By Judi Ketteler, AOL Health
You've probably heard the statistics: Your chances of getting breast cancer over your entire lifetime are one in seven. From birth to age 39, you have a 1 in 231 chance; ages 40-59, a 1 in 25 chance, and a 1 in 15 chance between the ages of 60 -79. Here is another very important fact to keep in mind: "Most people diagnosed have early stage disease," says Marissa Weiss, M.D., president and founder of BreastCancer.org. That's why it's important to be proactive: Perform regular self-examinations and know the warning signs. Here are eight key warning signs of breast cancer.
The most common warning sign is a lump or an area of stiffening that you feel or your doctor feels. "It will feel hard and irregular, like a stone. It feels different from the rest of the breast tissue," Weiss says. Keep in mind that eight out of 10 lumps turn out to be benign, Weiss says, so don't immediately go to panic mode. But DO get it checked out by your doctor right away.
Breast Appearance Changes
Our breasts are hormonally active; they are constantly changing, Weiss says. Get to know your breasts, so you can spot the difference between changes that occur relating to hormones and changes out of the ordinary. If you notice that the contour of your breast has changed, and become dimpled, twisted, or retracted, that's something to see your doctor about. Look also for bulges or concavities.
A natural scaffolding of ligaments inside your breast helps to hold your nipple in place. A cancer—which has spidery "fingers"—can start to pull the tissue into itself, causing the nipple to retract and become inverted, Weiss says. Looking at your breast in the mirror should be a regular part of any self-exam; notice if your nipples look different—such as if one is pulled in a different direction, or if there is any type of unusual discharge.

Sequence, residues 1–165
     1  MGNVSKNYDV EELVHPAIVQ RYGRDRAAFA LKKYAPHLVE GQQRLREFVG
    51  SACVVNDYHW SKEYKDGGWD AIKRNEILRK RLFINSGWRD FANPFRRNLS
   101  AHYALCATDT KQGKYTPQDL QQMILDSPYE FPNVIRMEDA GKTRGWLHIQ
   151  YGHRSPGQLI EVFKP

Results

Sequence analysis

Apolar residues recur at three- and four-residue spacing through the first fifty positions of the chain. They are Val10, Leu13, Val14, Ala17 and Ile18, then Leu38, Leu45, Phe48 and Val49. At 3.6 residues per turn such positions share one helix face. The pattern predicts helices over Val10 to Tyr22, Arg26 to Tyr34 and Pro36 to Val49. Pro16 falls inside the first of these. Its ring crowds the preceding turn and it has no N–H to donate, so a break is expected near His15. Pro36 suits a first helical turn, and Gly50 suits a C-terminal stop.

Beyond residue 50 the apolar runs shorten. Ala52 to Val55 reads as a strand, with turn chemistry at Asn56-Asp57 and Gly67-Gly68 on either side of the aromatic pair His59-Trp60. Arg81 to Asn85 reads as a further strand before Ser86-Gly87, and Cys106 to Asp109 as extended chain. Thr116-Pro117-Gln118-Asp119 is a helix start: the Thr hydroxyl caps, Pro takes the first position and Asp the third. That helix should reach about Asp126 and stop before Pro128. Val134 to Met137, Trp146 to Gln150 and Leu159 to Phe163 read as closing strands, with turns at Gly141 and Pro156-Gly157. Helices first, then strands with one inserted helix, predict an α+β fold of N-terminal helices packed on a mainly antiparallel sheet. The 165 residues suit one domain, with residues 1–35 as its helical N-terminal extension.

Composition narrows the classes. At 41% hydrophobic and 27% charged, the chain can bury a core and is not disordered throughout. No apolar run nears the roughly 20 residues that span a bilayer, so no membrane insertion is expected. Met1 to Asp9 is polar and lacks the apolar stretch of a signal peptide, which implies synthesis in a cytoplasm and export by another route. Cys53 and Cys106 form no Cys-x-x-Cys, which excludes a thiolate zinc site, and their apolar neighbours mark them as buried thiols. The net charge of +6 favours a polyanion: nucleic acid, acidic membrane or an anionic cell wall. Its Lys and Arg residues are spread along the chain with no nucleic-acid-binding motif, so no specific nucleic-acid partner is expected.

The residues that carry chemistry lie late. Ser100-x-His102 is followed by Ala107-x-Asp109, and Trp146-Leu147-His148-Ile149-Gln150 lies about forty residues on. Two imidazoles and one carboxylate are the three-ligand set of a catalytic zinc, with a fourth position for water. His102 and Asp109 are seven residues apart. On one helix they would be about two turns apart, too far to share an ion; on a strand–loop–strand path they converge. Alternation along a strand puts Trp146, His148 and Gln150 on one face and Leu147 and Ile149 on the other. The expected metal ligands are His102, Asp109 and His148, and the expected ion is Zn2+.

A symptom that can come up rather quickly is breast inflammation. If your breast suddenly feels swollen, has a pink-red color and the skin looks like orange peel, get it checked out immediately. "It could just be an infection," Weiss says (which would be treated with antibiotics). But, inflammatory breast cancer—which comprises about five percent of all diagnosed breast cancers—also appears this way.
There are lymph nodes under your arms that can also be affected by breast cancer. When you examine your breasts monthly, you should also feel under your arms for lumps.
Fatigue and loss of appetite are symptoms of later stage breast cancer, Weiss says. Of course, you can feel fatigued and run-down for a whole host of reasons, including not enough sleep. But if you have unusual fatigue and/or have back, hip or neck pain that you can't trace, don't delay in seeing your doctor.
"Never discount your instinct," Weiss says. If you just have a sense that something is wrong or out of the ordinary with your breasts—even if you can't find a definite lump—go see your doctor and have it checked out with an exam and/or mammography.
Age and Genetics
Age and genetics are actually risk factors, not warning signs, but when it comes to breast cancer, the more proactive you are the better. Women who have a first-degree relative with breast cancer (mother, sister, daughter) should talk to their doctor about an early screening plan. If you don't have a first-degree relative and your family doesn't have generations of women diagnosed with breast cancer before the age of 50, you should do monthly self-exams, get yearly breast exams and start getting mammograms at the age of 40.
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